- What could I have done differently?
- Why did he treat me that way?
- I didn’t deserve that.
And even though it is a never-ending downward spiral, we will come back and do it again and again.
When my wife left me, I had a huge hole in my heart. I did not know who I was, what my purpose was, why I even existed. I was completely lost.
I would constantly rehearse what she did. I would occasionally think about things I might have done differently, or about how I could have been better; but it usually came back to what she did.
I was playing the blame game.
I needed to be healed. I needed healing from the pain of a failed marriage. I needed healing from the pain of not being good enough. I needed healing from the pain of having failed as a father. I needed healing from the pain of having not been a good enough leader.
During this time, I began to learn more about the truth, and how we so seldom speak truth, especially when it comes to our pain.
We say things like—
- You made me mad
- You hurt me
- You snubbed me
- You made me feel small
None of which is true. Each one of those is an accusation, blaming the other, and avoiding the real issue of the pain we feel.
The truth is—
- I got mad when you…
- I felt small when you…
- I felt hurt by your…
We need to learn how to access our true feelings and express them in a way that does not blame another. Our feelings are our own, not someone else’s and they have no control over them. They are yours and yours alone. YOU are responsible for your feelings. Therefore…
Rather, speaking the truth in love, we are to grow up in every way into him who is the head, into Christ, …Therefore, having put away falsehood, let each one of you speak the truth with his neighbor, for we are members one of another.[Eph 4:15, 25 ESV]
We usually only think of these verses in relation to how we record events. Tell the truth. Don’t lie about it. We all know there is more to it than that.
Some try to apply these verses to correcting others with, “You know I love you, but…” This is certainly not what Paul meant.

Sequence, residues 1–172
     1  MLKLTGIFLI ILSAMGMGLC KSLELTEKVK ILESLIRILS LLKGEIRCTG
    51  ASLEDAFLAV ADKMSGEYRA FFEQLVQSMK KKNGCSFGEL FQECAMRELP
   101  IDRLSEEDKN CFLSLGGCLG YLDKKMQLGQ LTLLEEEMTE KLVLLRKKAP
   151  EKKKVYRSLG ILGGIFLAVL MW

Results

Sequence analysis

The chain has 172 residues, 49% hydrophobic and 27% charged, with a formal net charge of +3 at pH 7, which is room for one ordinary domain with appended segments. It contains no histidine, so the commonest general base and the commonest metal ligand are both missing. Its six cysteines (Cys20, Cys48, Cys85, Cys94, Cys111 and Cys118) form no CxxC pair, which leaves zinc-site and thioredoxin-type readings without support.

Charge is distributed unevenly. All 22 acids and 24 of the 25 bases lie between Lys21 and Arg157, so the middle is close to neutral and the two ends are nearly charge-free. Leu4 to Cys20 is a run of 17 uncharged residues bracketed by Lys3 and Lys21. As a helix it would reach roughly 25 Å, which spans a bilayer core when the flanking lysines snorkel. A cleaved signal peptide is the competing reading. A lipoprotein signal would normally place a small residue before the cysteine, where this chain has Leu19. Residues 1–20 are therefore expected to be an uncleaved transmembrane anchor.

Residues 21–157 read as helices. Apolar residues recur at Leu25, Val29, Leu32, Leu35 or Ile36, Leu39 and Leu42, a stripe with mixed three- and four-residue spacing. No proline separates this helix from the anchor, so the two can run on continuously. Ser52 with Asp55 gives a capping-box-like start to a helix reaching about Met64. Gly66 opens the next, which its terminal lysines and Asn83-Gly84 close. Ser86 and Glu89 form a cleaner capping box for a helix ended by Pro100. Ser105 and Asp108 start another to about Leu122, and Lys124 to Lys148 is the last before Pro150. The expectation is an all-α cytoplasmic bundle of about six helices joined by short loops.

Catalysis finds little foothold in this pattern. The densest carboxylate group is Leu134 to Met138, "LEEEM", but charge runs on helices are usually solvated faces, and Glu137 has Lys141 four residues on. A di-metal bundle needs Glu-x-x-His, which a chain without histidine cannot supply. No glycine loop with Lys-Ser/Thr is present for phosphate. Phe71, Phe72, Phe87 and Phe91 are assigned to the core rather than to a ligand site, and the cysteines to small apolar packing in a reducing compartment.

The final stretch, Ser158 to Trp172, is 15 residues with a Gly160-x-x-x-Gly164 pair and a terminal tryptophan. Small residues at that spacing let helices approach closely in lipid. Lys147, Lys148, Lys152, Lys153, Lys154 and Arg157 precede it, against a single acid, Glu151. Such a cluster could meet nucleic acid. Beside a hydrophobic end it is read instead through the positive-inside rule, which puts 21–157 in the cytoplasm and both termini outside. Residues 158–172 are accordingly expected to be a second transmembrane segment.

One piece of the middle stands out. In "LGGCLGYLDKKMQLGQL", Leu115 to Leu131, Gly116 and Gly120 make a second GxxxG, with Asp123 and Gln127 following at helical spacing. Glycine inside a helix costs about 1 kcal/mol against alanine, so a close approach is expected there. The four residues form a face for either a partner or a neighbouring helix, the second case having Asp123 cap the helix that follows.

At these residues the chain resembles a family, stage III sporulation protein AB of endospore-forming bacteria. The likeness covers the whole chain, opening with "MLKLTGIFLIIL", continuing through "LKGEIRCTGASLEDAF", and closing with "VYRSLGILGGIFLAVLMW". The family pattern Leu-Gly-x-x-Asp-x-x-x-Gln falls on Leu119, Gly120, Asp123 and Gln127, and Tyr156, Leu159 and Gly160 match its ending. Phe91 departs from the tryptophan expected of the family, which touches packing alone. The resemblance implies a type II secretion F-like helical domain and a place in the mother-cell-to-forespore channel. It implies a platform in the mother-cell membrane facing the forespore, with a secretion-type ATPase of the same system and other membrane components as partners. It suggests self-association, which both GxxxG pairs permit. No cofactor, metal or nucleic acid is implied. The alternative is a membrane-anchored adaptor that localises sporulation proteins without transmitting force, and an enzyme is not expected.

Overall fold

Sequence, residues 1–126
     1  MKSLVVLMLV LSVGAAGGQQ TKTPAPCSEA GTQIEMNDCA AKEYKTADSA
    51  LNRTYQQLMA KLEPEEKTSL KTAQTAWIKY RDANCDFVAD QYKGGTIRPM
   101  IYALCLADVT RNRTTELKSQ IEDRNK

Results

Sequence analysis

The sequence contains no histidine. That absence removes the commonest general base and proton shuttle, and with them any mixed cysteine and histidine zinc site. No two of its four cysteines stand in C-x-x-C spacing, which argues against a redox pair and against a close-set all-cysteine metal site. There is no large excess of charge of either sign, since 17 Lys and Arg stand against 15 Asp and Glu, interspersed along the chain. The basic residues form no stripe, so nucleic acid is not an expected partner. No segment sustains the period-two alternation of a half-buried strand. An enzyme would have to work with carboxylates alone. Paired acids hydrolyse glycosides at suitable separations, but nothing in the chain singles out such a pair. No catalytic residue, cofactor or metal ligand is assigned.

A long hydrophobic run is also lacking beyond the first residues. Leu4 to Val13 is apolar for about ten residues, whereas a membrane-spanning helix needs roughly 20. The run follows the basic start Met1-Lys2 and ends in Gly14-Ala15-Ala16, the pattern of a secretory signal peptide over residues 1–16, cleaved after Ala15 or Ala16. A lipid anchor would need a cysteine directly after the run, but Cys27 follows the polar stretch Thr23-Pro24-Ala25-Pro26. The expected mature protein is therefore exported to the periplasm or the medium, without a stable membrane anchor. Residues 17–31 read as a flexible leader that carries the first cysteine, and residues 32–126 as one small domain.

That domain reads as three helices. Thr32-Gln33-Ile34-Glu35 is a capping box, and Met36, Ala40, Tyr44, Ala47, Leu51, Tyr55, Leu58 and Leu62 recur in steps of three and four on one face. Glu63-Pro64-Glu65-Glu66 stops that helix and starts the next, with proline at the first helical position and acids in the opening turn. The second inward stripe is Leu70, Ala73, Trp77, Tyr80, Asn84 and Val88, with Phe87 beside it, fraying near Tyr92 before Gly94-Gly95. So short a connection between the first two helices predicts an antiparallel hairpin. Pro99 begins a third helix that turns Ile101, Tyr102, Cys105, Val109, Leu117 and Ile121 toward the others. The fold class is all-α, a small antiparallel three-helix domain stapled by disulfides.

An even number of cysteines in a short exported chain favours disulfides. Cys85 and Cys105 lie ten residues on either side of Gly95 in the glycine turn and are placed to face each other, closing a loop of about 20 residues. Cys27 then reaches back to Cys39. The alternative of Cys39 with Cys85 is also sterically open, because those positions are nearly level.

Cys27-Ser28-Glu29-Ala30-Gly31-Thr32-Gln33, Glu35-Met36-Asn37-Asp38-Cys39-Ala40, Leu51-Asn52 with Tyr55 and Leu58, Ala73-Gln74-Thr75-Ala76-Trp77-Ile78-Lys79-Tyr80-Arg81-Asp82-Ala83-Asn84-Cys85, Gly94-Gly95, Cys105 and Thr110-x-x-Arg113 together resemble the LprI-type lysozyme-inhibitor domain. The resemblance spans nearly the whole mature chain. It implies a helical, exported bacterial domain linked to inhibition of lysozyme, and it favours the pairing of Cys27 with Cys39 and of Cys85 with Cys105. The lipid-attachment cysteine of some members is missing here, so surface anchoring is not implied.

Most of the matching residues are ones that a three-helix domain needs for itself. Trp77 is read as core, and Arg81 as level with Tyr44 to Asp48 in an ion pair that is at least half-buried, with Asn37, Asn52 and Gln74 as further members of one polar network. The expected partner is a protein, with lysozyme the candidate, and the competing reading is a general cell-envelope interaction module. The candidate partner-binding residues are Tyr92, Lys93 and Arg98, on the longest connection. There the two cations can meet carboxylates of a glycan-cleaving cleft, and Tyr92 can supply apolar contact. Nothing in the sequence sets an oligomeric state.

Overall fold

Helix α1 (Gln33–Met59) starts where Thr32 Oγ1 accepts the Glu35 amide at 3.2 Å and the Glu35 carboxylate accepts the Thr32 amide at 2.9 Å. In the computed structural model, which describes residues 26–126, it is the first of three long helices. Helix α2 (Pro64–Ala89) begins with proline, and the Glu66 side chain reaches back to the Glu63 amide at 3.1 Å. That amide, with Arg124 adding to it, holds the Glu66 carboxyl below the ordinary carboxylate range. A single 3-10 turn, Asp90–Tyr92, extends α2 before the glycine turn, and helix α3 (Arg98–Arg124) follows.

One day I took a few hours to examine our marriage, the break-up, and what had transpired in the interim. There was some deep soul-searching going on as I tried to lay everything out before the Lord.
I scheduled a meeting with a therapist, and was telling what I had learned through all this. All of a sudden I began to cry. It turned into a deep gut-wrenching wail as all the pain I had shoved down in my being came gushing out.
From a fetal position on the floor, I screamed out, “She never loved me!” and almost immediately the sobbing ceased. Everything became still. There was a quietness in the room and in my soul. Then I said, “That’s not true. She was not able to love me the way I needed to be loved.”
That was the moment my healing began. Notice that I was still blaming her, but I was giving her an excuse.
Then it hit me—I was not able to love her the way she needed to be loved.
That was the truth that set me free.
I still carry a scar; but it is no longer fraught with the pain it once was.
Learning to speak the truth about things can go a long way toward healing the hurts of the past.
What about you?
Do you have a scar, a wound that won’t heal, because you keep picking at it?
Is there a pain in your life that you have not allowed the Lord to touch?
For we do not have a high priest who is unable to sympathize with our weaknesses, but one who in every respect has been tested as we are, yet without sin. Let us then with confidence draw near to the throne of grace, that we may receive mercy and find grace to help in time of need. [Heb 4:15-16 ESV]
PRAYER God of grace, you sustained Jesus when he was betrayed and abandoned by his companions. Help us, Lord, to know how to speak the truth of our pain. Help us to learn to come immediately to you, the one who took our pain and suffering to the cross so that we may be healed. When we are frightened and alone, lift us on the bright wings of your Spirit, that we may find our safest shelter and our truest friend in Jesus Christ, our Savior and Lord. Amen.